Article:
It’s Black Friday. I could have gone to the local upscale strip mall and fight moms in yoga pants, but I decided to meander down to my local record store, Lou’s Records. I hadn’t been in two years because it had saddened me how sparse the selection had become. Recently, I lamented to a friend about this and he said that is why I have to go down once an week and spend a dollar (or maybe more) just to show support. Once teeming with people in it’s day, the aisles were mostly abandoned. A sad reminder of how online downloading and file sharing of music has all but killed little independent mom and pop stores like this clinging onto the graces of its hardcore clientele who are either nostalgic for lost times or die hard collectors of music. I’ve probably come to the end of my die hard collector years and teeter more towards the side of nostalgia (although my collection doesn’t even compare to my friend’s husband’s who has well over 1000 CD’s).
My introduction to Lou’s was in the year 1984. I was seven years old. It was an intimidating little hole in the wall in downtown Encinitas between D and E Street off the Coast Highway. The rows (of which there were, like, two) were so tight that you had to back down one end to let someone pass. Even though it was the middle of the New Wave revolution, I could sense that there were punk rock undertones thriving in the walls. My first purchase (ok, my Mom bought it for me) was Madonna’s Like a Virgin on vinyl followed by Cyndi Lauper’s She’s So Unusal. Mom never bought cassette tapes because she knew the best quality came from an LP, but she copied it onto cassette to play in the beat up, blue Ford Courier she owned once she had replaced the 8-track with a tape player.
We would become regulars, my mom and I. I moved from vinyl to cassette when I started to earn an allowance until we got a CD player. In a short span of time, I watched as the store evolved as they made room for compact disc. Their used CD section comprised of two small cardboard boxes stacked on top of each other next to the cash register. They never had what I wanted used, but the selection was small and CD’s were too new for there to be a big selection of trade-in.
Lou’s Records eventually moved down the Coast Highway a bit to Leucadia where they expanded into two buildings on the same lot. One building was dedicated to new arrivals and the second building, equally as big, was all used. (There was also a third smaller building dedicated to movies, but that was by the by.) I was in heaven. My friends and I always started in the used section, trading in CD’s we grew tired of, before moving on to the new part. You could find almost anything you wanted there, no matter how obscure; and if they didn’t have it, they’d be happy enough to order it for you. I spent so much money at Lou’s that I was able to participate in their “Gimmick”, which is when you presented your receipts from Lou’s adding up to so much you would get a discount off your purchase (or something like that).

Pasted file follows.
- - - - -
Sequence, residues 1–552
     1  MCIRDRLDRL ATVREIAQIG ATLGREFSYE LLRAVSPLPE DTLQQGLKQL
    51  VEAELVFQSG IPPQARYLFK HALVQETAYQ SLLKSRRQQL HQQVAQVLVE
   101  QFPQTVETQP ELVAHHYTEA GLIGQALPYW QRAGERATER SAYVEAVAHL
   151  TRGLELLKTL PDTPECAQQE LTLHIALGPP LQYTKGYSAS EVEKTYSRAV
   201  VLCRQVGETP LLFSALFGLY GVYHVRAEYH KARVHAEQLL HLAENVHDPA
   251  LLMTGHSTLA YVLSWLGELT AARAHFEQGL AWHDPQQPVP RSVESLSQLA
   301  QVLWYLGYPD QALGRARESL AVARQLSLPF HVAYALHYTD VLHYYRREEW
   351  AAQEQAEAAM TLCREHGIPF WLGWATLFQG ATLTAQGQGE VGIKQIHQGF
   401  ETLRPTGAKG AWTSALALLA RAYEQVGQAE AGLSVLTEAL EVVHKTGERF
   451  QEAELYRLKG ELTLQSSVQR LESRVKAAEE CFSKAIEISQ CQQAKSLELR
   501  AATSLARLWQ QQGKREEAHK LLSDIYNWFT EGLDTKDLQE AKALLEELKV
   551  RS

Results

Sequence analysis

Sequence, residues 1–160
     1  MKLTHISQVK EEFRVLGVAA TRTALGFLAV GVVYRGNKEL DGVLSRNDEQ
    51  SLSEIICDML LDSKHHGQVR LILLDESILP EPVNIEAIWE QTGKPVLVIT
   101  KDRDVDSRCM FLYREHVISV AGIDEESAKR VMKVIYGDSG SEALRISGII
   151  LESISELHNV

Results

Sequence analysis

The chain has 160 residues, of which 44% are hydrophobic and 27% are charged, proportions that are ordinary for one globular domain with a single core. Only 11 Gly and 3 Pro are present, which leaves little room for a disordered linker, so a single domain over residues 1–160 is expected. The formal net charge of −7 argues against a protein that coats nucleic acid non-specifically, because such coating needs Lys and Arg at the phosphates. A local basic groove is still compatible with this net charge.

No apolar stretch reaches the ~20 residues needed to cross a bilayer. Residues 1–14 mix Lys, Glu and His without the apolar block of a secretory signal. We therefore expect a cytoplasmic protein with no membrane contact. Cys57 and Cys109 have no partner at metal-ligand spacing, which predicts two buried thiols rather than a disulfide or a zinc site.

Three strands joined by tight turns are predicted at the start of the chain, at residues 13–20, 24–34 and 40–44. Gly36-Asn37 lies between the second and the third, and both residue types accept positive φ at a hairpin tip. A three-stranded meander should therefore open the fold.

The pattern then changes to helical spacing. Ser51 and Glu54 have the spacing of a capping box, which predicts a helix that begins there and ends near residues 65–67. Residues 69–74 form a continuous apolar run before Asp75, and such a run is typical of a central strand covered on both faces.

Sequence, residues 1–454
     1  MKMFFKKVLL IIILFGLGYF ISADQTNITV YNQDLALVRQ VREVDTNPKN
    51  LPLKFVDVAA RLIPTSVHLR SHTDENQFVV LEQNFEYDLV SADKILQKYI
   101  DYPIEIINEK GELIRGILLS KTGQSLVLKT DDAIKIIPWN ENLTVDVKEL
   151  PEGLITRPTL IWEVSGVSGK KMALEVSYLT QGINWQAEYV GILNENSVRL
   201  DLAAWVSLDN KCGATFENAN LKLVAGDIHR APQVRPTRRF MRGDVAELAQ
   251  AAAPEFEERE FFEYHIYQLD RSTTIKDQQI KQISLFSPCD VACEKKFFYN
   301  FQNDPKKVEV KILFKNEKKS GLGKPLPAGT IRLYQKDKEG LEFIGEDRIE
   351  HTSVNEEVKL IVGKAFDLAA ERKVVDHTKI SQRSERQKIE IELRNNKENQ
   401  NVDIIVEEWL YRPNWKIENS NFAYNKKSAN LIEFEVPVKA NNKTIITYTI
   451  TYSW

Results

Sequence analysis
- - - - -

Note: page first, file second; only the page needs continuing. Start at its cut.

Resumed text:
As the store evolved, so did my musical landscape. Besides, my best friend’s influence, Lou’s had a huge impact in the shaping of my musical taste. They represented to me what an underground record store was. They were alternative before alternative was in. It wasn’t just a place to go and buy music. It was like going to your favorite coffee shop and spending an hour chatting to your friends. It was a scene. It had atmosphere. There was always some cool, offbeat tune playing overhead, whether punk, old school R&B, jazz or blue grass. Never, EVER, would you hear a pop music tune like Garth Brooks or Britney Spears, and if you did it was meant ironically. It was always up to the discretion of the tattoo-pierced purple, blue, pink or green haired employee working behind the counter; or Lou, who was this mythical creature we’d catch glimpses in the back with his curly black afro, mustache and thick, black-rimmed glasses.
And then came the the internet age of music. Lou’s Records had to downsize. They are still in the same location, but all the new and used CD, vinyl, cassette, etc has been consolidated into what was primarily the used section of the business. Almost like they’ve come full circle, but the store is still 3 times the size it was when they first started. Despite this more than annoying set back, the fact that Lou’s Records is still around is a feat in itself. It’s like a defiant “‘f’ you, I’m still here” in true punk fashion.
So, there I was, dressed in black (a black flannel shirt-dress to be precise), my Docs replaced with grey knee-high riding boots. Most of the customers were my age (the cusp of 40) or older and, probably like me, holding onto the remnants of a different era. The millennials that were there had been dragged along by their parents hoping to carry on a tradition slowly ebbing towards the edge of non-existence. I spent an hour wandering the aisles and was actually able to find quite a bit on my list and some I wasn’t expecting, like Pink Floyd’s The Piper at the Gates of Dawn used for $3.99 which is $10-22 for a CD on Amazon. I left with six used CD’s totaling just under $40 and a promise to make it a point to visit Lou’s Records weekly, if I can, to support their business and bask in nostaglia.